I know what you would say. “I am broke. Why would I be about buying a car?” If that is you, then maybe this not for you after all. Then again trekking is not a fate I wish for even those I hate so hear me out. First things first, buy a car, I mean a used one because statistically most Nigerians just cannot afford brand new drives so it makes sense to appeal to the majority here. Secondly, these tips are particular to the times we are in so do not fret when you see unfamiliar advice. So let us get started.
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Avoid Nigerian used vehicles
The only instance in which you should not listen to me on this is if you have a huge capacity for enduring hardship. If you are like me and like life being smooth, avoid those moving harbingers of pain and suffering. While there may be a few exceptions to this rule, Nigerian used vehicles are generally poorly used and poorly maintained. Bad roads mean you will be doing tire alignment regularly and your suspension will never respect your pocket. That asides, look at a driver you share the road with. Do drive like they are happy and fulfilled? While then would want to buy the vehicle with which they torment you?
Embrace popular brands
In so far as I said look to the foreign used car market, do well to look out for brands that you know are popular on Nigerian roads. Buick looks good but does Shaibu Mokaliki even know how to pronounce it let alone fix it? The guy learnt his trade with Hondas and Toyotas. Why stress him like that? Besides, you would probably have to import the spare parts when you run into trouble. If you can handle the stress and have the money, then go crazy. Otherwise, do not do it.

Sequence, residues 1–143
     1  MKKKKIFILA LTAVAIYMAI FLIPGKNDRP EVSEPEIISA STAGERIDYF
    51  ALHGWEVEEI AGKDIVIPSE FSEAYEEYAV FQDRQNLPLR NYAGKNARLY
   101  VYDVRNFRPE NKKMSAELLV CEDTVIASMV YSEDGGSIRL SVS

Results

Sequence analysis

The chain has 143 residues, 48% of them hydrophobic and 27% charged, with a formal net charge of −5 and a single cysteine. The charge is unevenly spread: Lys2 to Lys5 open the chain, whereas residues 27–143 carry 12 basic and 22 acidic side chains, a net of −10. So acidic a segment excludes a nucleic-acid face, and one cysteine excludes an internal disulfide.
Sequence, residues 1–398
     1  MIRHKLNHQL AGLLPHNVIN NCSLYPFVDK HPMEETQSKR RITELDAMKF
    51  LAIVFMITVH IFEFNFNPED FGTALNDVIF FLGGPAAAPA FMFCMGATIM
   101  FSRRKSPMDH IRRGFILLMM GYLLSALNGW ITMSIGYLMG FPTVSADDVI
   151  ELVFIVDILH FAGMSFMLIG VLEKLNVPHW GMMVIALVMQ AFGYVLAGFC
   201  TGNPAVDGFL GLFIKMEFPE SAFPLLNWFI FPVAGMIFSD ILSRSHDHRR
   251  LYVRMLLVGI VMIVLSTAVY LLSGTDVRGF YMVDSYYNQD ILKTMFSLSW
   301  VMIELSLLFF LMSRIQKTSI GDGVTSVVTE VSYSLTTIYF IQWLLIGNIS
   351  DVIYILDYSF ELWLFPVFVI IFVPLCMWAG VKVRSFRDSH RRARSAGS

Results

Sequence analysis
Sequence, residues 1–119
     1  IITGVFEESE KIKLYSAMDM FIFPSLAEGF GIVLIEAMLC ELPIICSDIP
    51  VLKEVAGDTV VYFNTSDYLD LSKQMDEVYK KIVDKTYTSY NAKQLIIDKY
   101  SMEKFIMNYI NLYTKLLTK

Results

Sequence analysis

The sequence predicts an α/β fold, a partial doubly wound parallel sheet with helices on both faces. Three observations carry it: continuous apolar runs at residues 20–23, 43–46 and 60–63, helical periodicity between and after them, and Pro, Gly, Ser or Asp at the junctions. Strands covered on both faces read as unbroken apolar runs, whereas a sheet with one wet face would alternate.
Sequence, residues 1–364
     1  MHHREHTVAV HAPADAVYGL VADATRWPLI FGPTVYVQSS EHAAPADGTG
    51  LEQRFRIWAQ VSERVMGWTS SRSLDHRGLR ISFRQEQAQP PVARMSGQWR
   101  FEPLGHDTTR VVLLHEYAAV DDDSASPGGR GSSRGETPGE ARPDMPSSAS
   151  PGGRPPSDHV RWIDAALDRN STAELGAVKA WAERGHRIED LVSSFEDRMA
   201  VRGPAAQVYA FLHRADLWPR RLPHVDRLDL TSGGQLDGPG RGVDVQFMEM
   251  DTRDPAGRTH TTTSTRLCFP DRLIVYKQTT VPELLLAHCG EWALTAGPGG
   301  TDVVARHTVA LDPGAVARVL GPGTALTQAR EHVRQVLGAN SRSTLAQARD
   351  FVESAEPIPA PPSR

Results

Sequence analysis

Beware your mechanic
There are very few car owners out there who would not tell you this of the bat. Nigerian mechanics have a way of turning you into a repeat customer. Take your car to one to fix one problem, they fix it and create ten more. We have accepted our fate but then if you have no idea what to do, ask your friends for recommendations. You will be needing a mechanic to inspect whatever car you are going for so you have to have one you that you trust. Some dealers may connive with your mechanic to swindle you so be careful.
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Don’t buy a Mercedes on a Toyota budget. It will end in tears. So what you buy must be on par with what you can afford to maintain. I don’t know who I am talking to but what you drive does not matter as much as you think.
Go for demos or loaner car
Demo or loaner cars are usually almost new but cost way less than the average used car in their range because they are those cars that customers test drive when new models are in short supply. Loaners are those cars you get to drive home when your car is being serviced.
Above all things shine your eyes and make sure you have money for the car. Don’t be like me that went inquiring about a car without money. There you have it. Thank me later or just laugh and move on.
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